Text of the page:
Juan Peñataro was born in Monóvar (Alicante, Spain) in 1891, and was a neighbor of the ancient Valencia of El Cid, until he died in 1946. He was a descendant of a lineage of italian boilermakers with the surname of Pignataro or Pignatelli, who established their home in the quarter of El Carmen, In Valencia. To get a clear idea of the volatility of our protagonist, there’re different versions that allege he was formed as an apprentice of a french prosthetist that lived in the Plaza de la Reina, or maybe he attended classes in the School of Dental Prosthesis of Madrid, or perharps in Buenos Aires. With such imprecision, it’s not strange to read in an ad of “El Pueblo. Diario Republicano de Valencia”, a newspaper of 1916: “The dentist Mr. Nájera warns his customers not to pay attention to Juan Peñataro, who presents himself as the assistant of Mr. Nájera”.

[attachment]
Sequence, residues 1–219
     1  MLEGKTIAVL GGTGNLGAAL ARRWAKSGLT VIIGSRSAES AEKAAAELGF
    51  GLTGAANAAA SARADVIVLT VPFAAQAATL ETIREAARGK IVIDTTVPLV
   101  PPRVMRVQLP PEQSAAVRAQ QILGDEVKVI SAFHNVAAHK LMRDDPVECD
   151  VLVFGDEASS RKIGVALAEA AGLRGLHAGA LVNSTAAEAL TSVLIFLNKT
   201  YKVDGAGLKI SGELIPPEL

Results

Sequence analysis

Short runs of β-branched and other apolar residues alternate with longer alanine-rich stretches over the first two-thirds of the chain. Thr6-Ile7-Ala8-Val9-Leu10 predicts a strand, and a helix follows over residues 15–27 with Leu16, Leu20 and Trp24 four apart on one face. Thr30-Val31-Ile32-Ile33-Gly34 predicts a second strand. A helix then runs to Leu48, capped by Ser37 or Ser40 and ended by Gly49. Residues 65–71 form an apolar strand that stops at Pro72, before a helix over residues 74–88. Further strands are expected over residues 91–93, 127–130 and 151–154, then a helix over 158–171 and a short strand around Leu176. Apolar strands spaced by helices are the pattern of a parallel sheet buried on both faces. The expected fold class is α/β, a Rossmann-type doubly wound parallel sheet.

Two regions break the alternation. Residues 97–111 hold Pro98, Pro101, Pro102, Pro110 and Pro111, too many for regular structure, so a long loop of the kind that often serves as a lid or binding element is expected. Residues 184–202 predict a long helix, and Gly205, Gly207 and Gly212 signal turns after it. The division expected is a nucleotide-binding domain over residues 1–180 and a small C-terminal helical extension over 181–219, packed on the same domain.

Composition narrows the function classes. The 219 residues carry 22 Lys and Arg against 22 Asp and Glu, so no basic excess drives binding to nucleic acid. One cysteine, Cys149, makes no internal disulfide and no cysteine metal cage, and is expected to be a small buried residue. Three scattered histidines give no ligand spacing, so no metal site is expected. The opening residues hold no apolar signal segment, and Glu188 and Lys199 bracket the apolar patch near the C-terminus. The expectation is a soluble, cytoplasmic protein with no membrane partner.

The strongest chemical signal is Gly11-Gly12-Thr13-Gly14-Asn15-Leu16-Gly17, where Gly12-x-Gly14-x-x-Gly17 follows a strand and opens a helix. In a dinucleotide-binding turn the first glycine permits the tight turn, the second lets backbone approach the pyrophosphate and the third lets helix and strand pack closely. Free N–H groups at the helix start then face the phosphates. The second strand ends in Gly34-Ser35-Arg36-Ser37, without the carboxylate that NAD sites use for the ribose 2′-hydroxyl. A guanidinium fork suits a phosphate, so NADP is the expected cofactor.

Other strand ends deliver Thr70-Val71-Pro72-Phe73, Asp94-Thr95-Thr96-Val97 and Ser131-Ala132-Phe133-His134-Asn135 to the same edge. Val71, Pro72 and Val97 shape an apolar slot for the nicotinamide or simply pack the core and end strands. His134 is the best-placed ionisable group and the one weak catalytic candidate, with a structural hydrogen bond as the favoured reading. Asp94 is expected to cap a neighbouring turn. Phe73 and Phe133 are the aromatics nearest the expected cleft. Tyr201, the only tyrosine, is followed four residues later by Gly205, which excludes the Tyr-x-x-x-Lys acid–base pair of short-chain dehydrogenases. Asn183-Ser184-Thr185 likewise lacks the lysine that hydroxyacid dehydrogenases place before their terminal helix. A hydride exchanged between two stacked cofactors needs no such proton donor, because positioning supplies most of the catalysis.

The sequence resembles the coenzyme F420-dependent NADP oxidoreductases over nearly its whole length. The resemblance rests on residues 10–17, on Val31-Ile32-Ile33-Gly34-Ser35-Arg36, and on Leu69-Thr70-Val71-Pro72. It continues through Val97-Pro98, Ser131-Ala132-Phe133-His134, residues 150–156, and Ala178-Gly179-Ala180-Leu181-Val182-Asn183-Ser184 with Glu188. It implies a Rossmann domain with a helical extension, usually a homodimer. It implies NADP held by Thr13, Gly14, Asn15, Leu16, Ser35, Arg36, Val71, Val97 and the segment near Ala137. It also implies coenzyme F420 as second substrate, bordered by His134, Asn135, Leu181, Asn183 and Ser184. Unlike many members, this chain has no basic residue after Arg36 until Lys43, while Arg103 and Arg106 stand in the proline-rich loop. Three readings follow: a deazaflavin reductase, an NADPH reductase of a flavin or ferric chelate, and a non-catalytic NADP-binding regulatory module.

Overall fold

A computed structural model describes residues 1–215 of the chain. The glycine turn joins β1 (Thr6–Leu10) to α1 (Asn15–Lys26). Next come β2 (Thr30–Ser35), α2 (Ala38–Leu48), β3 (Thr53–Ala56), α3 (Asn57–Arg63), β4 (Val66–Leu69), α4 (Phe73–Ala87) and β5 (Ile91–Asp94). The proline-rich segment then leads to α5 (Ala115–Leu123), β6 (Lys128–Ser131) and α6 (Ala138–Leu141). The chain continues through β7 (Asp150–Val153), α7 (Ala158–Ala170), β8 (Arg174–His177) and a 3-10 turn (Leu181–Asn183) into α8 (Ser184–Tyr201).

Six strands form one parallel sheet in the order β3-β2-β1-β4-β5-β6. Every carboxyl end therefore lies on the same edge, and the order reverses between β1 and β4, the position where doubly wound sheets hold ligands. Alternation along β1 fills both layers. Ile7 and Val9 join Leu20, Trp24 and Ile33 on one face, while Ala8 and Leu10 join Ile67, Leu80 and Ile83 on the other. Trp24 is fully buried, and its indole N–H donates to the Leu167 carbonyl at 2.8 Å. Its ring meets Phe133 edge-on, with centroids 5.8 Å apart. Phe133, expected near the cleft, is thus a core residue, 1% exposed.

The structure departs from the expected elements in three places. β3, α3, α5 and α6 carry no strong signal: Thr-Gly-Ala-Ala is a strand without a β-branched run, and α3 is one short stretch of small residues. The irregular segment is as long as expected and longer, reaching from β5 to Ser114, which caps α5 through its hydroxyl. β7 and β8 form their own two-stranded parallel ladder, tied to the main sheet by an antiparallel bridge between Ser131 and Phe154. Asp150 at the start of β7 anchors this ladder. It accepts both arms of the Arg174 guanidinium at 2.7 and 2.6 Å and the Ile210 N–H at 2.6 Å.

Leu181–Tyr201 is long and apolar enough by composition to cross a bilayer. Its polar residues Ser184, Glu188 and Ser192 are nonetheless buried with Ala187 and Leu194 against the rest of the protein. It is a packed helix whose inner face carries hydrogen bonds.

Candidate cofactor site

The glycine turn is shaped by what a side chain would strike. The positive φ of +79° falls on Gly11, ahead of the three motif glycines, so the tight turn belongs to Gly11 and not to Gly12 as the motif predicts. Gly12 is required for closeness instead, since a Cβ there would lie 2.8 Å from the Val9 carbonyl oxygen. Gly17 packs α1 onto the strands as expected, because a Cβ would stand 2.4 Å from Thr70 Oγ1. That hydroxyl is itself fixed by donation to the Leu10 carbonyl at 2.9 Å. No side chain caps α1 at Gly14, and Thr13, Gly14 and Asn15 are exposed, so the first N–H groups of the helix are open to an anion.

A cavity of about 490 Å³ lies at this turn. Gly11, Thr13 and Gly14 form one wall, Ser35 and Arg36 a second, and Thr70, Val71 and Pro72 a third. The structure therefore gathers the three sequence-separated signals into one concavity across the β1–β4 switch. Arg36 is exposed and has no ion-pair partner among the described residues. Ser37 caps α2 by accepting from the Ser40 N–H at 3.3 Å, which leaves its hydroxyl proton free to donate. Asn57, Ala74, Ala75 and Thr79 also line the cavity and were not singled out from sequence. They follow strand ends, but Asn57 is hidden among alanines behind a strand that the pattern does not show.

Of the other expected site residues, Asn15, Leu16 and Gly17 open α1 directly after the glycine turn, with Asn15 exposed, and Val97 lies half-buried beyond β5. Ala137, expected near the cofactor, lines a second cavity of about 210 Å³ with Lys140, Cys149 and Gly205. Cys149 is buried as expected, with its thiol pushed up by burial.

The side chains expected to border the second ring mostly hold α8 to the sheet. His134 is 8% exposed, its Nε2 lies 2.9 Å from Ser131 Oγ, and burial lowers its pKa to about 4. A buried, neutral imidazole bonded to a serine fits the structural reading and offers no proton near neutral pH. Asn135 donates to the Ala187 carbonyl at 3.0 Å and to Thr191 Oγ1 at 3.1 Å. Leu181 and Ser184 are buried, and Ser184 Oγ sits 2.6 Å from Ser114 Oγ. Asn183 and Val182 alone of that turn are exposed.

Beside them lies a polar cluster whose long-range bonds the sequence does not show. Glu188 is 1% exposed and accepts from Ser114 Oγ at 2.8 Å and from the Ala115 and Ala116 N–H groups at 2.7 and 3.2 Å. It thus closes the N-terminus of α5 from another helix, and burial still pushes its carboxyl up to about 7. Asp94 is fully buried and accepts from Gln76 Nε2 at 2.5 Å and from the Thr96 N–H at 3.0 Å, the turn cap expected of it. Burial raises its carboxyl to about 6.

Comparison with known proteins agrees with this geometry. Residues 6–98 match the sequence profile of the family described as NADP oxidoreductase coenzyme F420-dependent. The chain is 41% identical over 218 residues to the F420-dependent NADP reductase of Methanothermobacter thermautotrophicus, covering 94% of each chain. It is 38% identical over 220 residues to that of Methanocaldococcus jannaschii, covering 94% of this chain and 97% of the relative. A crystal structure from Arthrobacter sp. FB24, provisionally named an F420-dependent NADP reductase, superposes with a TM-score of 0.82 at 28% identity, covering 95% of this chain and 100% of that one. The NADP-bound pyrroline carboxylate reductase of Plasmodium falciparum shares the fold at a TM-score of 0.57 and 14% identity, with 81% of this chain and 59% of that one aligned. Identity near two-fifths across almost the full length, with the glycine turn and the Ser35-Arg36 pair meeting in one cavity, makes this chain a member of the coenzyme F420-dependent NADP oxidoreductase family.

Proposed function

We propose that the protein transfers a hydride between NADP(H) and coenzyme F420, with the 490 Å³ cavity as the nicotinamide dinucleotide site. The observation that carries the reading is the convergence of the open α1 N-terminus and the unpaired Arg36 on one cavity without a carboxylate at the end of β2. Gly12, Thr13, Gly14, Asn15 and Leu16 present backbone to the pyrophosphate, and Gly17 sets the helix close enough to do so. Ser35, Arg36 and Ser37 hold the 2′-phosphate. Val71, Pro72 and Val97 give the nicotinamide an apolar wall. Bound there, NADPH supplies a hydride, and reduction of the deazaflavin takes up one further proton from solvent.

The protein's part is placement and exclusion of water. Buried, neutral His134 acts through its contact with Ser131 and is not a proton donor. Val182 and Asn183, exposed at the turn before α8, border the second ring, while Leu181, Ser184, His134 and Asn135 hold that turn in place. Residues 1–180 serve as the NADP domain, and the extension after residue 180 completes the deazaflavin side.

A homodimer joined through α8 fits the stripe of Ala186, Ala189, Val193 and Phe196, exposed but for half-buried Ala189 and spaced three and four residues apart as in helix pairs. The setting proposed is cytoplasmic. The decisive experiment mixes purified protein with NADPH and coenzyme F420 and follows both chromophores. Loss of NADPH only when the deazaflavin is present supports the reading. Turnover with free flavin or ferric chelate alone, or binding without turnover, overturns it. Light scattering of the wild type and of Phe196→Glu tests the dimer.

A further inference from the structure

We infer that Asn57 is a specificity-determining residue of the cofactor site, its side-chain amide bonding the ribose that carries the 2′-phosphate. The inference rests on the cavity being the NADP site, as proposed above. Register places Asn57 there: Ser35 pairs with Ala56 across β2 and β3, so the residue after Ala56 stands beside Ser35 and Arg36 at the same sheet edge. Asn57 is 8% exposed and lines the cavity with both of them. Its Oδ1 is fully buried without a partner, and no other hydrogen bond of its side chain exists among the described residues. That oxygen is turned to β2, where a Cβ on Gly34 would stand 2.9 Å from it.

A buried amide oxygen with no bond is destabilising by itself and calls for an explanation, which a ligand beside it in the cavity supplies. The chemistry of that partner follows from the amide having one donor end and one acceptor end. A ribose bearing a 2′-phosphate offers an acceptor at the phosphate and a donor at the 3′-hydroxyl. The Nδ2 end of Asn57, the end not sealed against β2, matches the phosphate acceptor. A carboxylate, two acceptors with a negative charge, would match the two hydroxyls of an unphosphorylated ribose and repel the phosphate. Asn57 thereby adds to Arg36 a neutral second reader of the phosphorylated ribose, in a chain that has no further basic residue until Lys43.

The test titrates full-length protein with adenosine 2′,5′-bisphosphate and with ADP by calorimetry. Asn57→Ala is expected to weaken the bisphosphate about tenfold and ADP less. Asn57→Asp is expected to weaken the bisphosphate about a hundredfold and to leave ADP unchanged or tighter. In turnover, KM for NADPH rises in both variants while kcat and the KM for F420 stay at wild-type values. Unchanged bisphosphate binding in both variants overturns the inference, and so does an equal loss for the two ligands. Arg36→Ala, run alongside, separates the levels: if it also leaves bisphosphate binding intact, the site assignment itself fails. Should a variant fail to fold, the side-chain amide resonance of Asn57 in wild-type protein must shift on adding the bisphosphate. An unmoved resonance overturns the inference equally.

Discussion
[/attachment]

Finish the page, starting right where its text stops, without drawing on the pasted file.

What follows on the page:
Great traveler during his youth, Juan Peñataro knew several countries from Europe and América, and he mastered up to four languages. In fact, it’ll be in Tandil, in the province of Buenos Aires, where he established himself as mechanical dentist in the clinic of Isidoro F. Tomatti, in 1911, as we know from a promotional ad where both professionals appear posing as stylish and good-looking men. In those days, the city of Tandil was popular because a huge rock was balanced on the edge of a hill, until –perhaps after many centuries or millenniums of immobility– it finally fell two months after Peñataro’s arrival.